The Canadian Chamber of Commerce in Hungary (CCCH) that celebrated its 20th anniversary in 2013 has the declared aim of promoting business for both Canadian and Hungarian companies, and – as the President of the Chamber, Nicholas Sarvari, explains to Diplomacy & Trade – “we attach to this Canadian enthusiasm. We do this promotion through networking. The whole idea is to find new and innovative ways to get people together.”
By the time Nicholas Sarvari became the Chair of the Board of Directors in January 2009, he had had a lot of experience there, having been vice president and board director since 2002.
“At the beginning, the Chamber was just a club of individuals who came together to have a forum to discuss being in Hungary and doing business here, sharing experiences and making contacts. I myself got to know people here who would stand as the foundation of my own consultancy business.”
When he took over at the helm of the CCCH, “it was clear that over all these years, the Hungarian part in this Canadian-Hungarian chamber had been neglected. I spent the first couple of years rebuilding this section and founded a trade program to help supply information for Hungarian companies on export opportunities. This effort is gaining momentum as large companies who are sponsors can see that their clientele and their suppliers need this service to be able to find opportunities in the global market,” he points out.
For an international company, being an active CCCH member means the opportunity for widening its supplier network. “4-5 years ago, the government announced preferential treatment for companies that had more than 10% of their suppliers as Hungarian firms. However, there simply were not enough suppliers in this country to meet this criterion. Ever since, we at the Chamber have been working hard – in concert with the government – on a program to improve this situation and bring on board large companies as it is in their interest to have these suppliers. Clusters are of great help in this respect; they represent a strong group together and provide their respective business sector important momentum. We believe that the market will eventually solve this problem but we must also provide help,” Sarvari stresses.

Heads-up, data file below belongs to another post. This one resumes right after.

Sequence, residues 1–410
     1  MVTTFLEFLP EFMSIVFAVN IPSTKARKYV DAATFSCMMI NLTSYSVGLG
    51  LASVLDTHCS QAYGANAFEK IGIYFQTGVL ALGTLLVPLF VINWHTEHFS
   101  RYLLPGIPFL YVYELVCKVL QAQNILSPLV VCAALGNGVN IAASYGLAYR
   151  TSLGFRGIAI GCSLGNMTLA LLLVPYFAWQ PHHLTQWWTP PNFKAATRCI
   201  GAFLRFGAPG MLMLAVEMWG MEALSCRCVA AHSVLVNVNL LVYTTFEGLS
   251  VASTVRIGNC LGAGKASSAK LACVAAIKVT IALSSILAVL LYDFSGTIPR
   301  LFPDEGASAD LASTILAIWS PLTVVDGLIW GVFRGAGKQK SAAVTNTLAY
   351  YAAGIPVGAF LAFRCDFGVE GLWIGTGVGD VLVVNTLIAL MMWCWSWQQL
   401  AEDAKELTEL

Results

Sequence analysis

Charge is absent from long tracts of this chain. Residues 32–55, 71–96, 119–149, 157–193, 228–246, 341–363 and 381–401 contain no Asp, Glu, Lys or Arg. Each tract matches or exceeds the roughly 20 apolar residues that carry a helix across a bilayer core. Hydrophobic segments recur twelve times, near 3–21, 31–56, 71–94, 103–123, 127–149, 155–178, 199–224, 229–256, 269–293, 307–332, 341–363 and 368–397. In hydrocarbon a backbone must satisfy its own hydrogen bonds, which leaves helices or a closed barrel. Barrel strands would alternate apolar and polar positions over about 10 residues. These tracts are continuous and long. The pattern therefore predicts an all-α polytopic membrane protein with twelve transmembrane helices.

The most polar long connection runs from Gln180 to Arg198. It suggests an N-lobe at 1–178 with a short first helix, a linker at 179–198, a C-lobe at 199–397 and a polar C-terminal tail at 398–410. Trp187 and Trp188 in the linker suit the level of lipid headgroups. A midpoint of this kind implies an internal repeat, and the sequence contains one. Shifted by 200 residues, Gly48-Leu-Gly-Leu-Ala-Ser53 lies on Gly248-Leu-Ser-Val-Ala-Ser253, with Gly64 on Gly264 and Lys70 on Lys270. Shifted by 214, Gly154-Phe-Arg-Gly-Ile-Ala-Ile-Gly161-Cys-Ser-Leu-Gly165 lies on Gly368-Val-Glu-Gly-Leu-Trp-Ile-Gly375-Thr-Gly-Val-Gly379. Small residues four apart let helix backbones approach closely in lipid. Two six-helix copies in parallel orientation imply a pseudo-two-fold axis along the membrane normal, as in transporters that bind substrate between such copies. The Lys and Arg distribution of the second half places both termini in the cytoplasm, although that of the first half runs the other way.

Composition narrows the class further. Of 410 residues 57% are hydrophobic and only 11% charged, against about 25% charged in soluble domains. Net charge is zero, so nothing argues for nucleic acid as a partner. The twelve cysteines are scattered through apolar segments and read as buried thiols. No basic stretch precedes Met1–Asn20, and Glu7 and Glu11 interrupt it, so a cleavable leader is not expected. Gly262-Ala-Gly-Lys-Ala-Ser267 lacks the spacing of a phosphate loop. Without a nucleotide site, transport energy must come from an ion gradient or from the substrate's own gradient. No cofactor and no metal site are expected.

He points out that “it’s not a big surprise that the international image and communication of Hungary is at an all time low. There are certain things in this economy that have not been taken seriously but need to be addressed. As far as business is concerned, predictability is of primary importance in legislation. The cost of labor is another huge issue. As the amount of tax to be paid for the employment of individuals is so high, it is extremely difficult to work with talented people in Hungary as you will not be able to pay them an internationally competitive wage. It is also extremely important that all players in business life accept compliance with anti-corruption guidelines in place in the EU. Unfortunately, the acceptance of transparency is not declared in Hungary – and it would do itself a huge favor by following suit.”
Regarding the new trade agreement between Canada and the EU, the Chamber President says that “CETA will create opportunities even for the smallest companies here. The responsibility of organizations like our chamber – and also that of the government – is to heed this message, try and understand how this opportunity can be exploited the most.”